Learning Japanese

If you research options on living in Japan, you might sometimes find comments that go something like this “you do not need to know Japanese to live in Japan, just be an English teacher and you’ll be fine”. Sure, if you are coming to Japan as a tourist, you will probably be fine communicating in English or with your hands and feet, but if you want to LIVE in Japan, I cannot recommend learning the Language enough. When in Rome, talk as the Romans do and all that. Just even a basic greeting in Japanese will open many doors that would have otherwise been closed to you and it takes so little effort to learn a few basic phrases that there is no excuse.

Now, do not get me wrong, Japanese is a very, very difficult language, especially for people from the western hemisphere, and even being able to have daily conversations is considered a pretty big achievement. Becoming fluent is something that is going to take most people years of study and effort. The motivation for starting to study can be different, some people study so they can understand Anime or Japanese videogames, others do it because of their interest in Japanese history or love for Haruki Murakami books. But in my experience, this motivation is not enough to keep you going until you truly reach a fluent level, close to a native speaker. If you want to make it that far, more often than not you are going to have to put yourself in situations where you have to speak Japanese, force yourself to adapt to your surroundings and advance your language skills. There is a decently sized English community in Japan (especially Tokyo and Osaka), and it can be very tempting to always fall back on these communities for everything you need (be that simply making friends, or things like medical assistance, getting a haircut etc.). But by doing this, you are isolating yourself and denying yourself a chance to challenge yourself and grow as a person. I am not saying that everyone should be able to speak perfect Japanese, but you owe it to yourself and your surroundings to try to get to a conversational level at least. If you manage to do that, your time in Japan will most likely feel more fulfilling.

Now, as for how to study the language, in the digital age, there are hundreds of different options available. If you have the time, then attending university classes or a language school is a good idea, especially if you are a total beginner. If that is not an option, there are countless books, YouTube channels, websites and apps that teach Japanese (of note here is, that most of the available options will most likely be English/Japanese). One big trap that many people fall into, is the search for the one-stop learning solution. That ONE book, ONE channel, ONE app that teaches you everything from basics to fluency simply does not exist. Studying is an ongoing process, and that includes the continuous search for appropriate study material. Another mistake is not using the language skills that you acquire during your studies. Japanese is not a language that is as widely studied as English, therefor a lot less study material targeting language learners exists (e.g. novels aimed at non-native speakers with a side-by-side translation etc.). Material is available, but you might have to search for a while. I recommend getting a SRS (spaced repetition) application such as Anki, which is really just a fancy name for digital flashcards and using that as you study. Other recommendations would be WaniKani for Kanji and NHK Easy News to get used to reading in Japanese.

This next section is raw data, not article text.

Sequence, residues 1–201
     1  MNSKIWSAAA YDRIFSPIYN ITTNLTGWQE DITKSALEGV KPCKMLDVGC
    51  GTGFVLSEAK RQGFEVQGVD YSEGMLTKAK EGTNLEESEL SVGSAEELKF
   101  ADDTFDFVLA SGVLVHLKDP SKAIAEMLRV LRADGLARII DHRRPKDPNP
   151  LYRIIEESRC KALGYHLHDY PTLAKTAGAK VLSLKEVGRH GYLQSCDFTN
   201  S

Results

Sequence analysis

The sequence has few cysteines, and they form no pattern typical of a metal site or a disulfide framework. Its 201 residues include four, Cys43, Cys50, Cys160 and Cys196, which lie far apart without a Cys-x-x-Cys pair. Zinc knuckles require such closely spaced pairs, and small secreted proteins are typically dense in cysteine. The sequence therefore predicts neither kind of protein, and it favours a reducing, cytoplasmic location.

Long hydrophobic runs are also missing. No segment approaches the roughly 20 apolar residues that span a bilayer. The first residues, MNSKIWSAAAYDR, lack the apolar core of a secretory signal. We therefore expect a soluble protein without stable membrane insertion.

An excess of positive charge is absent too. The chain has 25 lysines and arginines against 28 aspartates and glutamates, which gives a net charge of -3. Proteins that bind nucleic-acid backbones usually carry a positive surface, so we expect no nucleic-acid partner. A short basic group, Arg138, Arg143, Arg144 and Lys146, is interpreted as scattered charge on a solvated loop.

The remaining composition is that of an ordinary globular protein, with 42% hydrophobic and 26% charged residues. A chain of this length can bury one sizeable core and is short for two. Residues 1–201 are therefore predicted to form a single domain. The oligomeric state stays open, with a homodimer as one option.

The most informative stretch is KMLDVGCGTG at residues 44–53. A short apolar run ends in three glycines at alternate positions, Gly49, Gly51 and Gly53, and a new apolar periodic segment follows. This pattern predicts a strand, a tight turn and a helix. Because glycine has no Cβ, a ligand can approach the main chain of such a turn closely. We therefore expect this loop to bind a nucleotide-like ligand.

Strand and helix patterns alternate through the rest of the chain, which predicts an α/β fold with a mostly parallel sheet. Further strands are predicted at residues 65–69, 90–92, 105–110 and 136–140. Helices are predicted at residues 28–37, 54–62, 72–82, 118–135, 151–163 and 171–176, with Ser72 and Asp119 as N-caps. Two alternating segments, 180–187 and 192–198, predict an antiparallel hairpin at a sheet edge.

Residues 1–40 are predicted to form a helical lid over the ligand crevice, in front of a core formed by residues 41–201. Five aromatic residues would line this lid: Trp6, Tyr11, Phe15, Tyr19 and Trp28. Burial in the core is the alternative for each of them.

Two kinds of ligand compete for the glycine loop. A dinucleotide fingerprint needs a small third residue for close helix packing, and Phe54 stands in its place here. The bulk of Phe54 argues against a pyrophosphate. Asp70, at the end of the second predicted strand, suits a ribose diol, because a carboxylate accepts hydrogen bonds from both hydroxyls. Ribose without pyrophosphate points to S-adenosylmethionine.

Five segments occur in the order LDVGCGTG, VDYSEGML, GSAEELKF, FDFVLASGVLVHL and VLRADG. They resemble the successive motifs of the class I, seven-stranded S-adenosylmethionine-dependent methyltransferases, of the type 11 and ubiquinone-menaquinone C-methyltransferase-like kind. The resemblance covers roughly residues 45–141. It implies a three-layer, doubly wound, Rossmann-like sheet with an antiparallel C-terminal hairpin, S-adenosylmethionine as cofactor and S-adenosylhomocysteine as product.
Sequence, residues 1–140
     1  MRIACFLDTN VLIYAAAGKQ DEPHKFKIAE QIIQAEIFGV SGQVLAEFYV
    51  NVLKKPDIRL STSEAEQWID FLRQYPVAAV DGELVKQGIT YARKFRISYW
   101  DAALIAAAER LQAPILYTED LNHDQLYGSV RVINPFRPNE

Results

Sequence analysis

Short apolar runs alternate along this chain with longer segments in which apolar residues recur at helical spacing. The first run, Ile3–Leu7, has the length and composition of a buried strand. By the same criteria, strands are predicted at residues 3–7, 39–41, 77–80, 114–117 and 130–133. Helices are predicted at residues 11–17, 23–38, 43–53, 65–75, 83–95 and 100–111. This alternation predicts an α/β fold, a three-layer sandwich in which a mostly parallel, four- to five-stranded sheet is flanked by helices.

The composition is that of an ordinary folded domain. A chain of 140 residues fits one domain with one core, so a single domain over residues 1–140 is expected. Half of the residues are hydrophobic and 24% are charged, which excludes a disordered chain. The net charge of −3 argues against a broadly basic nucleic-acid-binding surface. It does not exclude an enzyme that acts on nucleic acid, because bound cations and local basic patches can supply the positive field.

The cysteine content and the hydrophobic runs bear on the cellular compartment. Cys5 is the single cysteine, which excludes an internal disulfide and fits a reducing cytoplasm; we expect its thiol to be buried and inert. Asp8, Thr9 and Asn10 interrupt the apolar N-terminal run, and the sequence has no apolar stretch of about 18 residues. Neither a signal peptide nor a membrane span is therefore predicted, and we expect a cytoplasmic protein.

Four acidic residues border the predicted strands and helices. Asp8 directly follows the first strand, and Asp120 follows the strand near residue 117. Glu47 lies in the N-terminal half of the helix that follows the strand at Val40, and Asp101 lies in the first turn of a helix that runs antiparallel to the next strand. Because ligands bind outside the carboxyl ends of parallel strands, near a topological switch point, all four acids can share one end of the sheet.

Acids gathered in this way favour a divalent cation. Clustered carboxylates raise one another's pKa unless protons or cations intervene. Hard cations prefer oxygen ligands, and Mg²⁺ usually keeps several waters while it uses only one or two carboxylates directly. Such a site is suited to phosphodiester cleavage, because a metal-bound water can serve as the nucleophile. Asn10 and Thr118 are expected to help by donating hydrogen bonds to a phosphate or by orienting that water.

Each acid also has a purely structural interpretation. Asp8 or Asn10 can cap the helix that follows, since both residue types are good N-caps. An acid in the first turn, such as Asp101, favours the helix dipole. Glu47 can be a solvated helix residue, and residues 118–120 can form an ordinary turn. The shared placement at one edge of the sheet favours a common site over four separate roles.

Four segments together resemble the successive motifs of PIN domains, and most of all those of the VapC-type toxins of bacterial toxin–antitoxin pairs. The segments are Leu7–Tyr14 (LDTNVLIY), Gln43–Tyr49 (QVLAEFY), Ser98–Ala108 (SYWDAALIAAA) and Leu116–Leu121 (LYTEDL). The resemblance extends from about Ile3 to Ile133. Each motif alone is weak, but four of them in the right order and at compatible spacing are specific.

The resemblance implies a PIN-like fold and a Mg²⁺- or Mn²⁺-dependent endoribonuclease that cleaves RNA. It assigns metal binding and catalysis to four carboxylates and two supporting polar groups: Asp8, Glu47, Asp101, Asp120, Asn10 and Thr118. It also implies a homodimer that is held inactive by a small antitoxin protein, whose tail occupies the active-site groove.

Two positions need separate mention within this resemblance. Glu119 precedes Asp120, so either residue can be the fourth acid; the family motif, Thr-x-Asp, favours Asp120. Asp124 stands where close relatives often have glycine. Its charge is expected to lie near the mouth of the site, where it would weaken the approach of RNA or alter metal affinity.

Accept that this is going to be a struggle, but it is going to enrich your life, grant you access to a completely different culture. At the same time, it is also going to make your life in Japan (if you want that) a lot easier and make you more attractive on the Japanese job market as well. A more detailed guide on studying might come in the future, for now, I am going to leave you with this rant

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